From 19.07.-30.07.2021. together with people from 6 counties of Croatia, we participated in the training for peer experts through Zoom.
Our educators from the Netherlands, Cassandra Berkman and Annette Furnemont, shared with us their stories of recovery, gave us guidance, and asked us to design and share our own story of recovery by following how we feel about it.
We learned about the values important for the profession of “peer expert” and tools for creating a personal development document (hope for recovery, right to risk, work on stigma and auto-stigma, application of personal experience in peer work), and the importance of mastering communication skills.
Through a two-week training, we gained a lot of experience in personal development, and the online way of working allowed us to get to know each other better and connect.
Sexuality is about sexual feelings, thoughts, attractions, and behaviors toward other people. People can find other people physically, sexually, or emotionally attractive. Frequently, there is a combination of these.
This week is Mental Health Awareness Week. Each day of the week we will highlight one aspect of mental health.
Today, 11th of May 2021, volunteers of the Coalition for Psychotrauma and for Peace Vukovar, as part of the campaign on the European Week of Mental Health Awareness, in the period from 10 am to 1 pm, informed fellow citizens about the importance of mental health and the activities of our organization.
This year we are celebrating Mental Health Awareness Week (May 10 to May 16) under the motto # Connect with Nature. There are various studies that support the role that nature can play in protecting and supporting our mental health. Even just 15 minutes a week of nature walks can be enough to improve your mental and emotional health.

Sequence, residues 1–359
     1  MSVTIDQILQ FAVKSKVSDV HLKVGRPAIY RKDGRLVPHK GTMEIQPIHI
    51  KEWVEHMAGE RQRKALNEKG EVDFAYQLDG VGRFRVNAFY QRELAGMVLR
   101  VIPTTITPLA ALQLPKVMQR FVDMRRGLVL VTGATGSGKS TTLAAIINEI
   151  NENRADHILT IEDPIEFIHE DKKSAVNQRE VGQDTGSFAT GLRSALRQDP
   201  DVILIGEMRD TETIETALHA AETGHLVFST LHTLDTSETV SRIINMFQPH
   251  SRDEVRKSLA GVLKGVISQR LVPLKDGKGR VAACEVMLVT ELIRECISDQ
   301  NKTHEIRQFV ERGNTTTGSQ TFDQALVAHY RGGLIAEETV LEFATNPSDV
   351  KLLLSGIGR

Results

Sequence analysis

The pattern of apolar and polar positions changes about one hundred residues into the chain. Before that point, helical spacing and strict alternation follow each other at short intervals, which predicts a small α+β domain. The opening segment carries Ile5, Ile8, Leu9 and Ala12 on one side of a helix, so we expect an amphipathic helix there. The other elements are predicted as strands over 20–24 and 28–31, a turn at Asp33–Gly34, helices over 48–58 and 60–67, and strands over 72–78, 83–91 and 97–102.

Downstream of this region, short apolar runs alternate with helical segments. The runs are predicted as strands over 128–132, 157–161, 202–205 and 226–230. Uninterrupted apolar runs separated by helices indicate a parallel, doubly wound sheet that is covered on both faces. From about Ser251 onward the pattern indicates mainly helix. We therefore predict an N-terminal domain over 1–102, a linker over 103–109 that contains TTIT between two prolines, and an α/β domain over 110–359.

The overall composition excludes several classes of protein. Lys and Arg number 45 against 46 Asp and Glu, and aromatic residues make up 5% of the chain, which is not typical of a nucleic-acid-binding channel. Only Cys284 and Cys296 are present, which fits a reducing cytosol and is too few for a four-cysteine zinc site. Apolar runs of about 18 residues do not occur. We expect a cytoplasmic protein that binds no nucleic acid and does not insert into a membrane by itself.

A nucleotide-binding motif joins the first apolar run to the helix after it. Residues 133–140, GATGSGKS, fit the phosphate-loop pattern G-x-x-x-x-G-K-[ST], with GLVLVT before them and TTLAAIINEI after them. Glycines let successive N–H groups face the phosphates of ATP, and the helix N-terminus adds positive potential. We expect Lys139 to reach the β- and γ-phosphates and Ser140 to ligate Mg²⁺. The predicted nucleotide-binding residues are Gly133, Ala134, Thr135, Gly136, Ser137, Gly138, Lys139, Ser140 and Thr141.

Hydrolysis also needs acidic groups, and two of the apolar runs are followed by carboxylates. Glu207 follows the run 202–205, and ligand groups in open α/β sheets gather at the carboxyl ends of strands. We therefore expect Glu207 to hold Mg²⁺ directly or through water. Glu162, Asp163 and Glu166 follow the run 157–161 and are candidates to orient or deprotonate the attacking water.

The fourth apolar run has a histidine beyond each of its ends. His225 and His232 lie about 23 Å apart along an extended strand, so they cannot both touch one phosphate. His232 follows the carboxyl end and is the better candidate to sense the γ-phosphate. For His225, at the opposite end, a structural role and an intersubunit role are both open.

Take advantage of the benefits of nature today!
Saturday 27 June is International Post-Traumatic Stress Disorder (PTSD) Awareness Day.
In reality, we should not be speaking about PTSD. Rather, we should use the term post-traumatic stress reactions (PTSRs), with emphasis on the plural. These are normal reactions to traumatic events, which are events that threaten the physical and/or psychological well-being of the person or someone close. These reactions are individual. They can be psychological, physical, or a combination of both. Drugs deal only with the symptoms, not with the underlying issues. People need to talk and process.
Friday 26 June is the International Day in Support of the Victims of Torture.
Unfortunately, physical, psychological, and sexual torture is extremely widespread. While it is carried out by quite a number of governments, some of which even have schools for torturers, it also is carried out by paramilitary and other groups. Also, unfortunately, torture is nothing new. It has been carried out through the millennia.
World Refugee Day is Saturday, 20 June.
We say the same thing every year and it seems to get worse rather than better.
The ways that governments are treating refugees and people attempting to assist them are nothing short of scandalous, inhumane, and blasphemous against the tenets of all religions. Virtually all refugees and asylum seekers are fleeing torture, war, discrimination, disease, and poverty. They are seeking better lives for themselves and their families. Virtually all become assets to the regions to which they flee. They provide labor and expertise and become valuable members of their new societies. Thus, rather than killing them and injuring them in pushbacks, governments and other bodies should be opening borders rather than closing them and welcoming them and providing facilities for them to learn the languages and cultures of the regions to which they come.
Everyone reacts differently to stressful situations such as an infectious disease outbreak that requires social distancing, quarantine, or isolation.
Dear Friends and Colleagues,
I’ve been thinking and talking with colleagues quite a bit about the situation with the corona virus in the world. There is much to say.
First, I want to note that I am not minimizing the threat of COVID-19. However, I think that talk of it, and concentration on it, has become excessive and obsessive, this to the exclusion of other issues that, in my view, we must work on. Also, I fear that there is a great deal of talk and little or no action. That concerns me greatly, as so much talk will not get us far. I will make some suggestions for action later in this letter.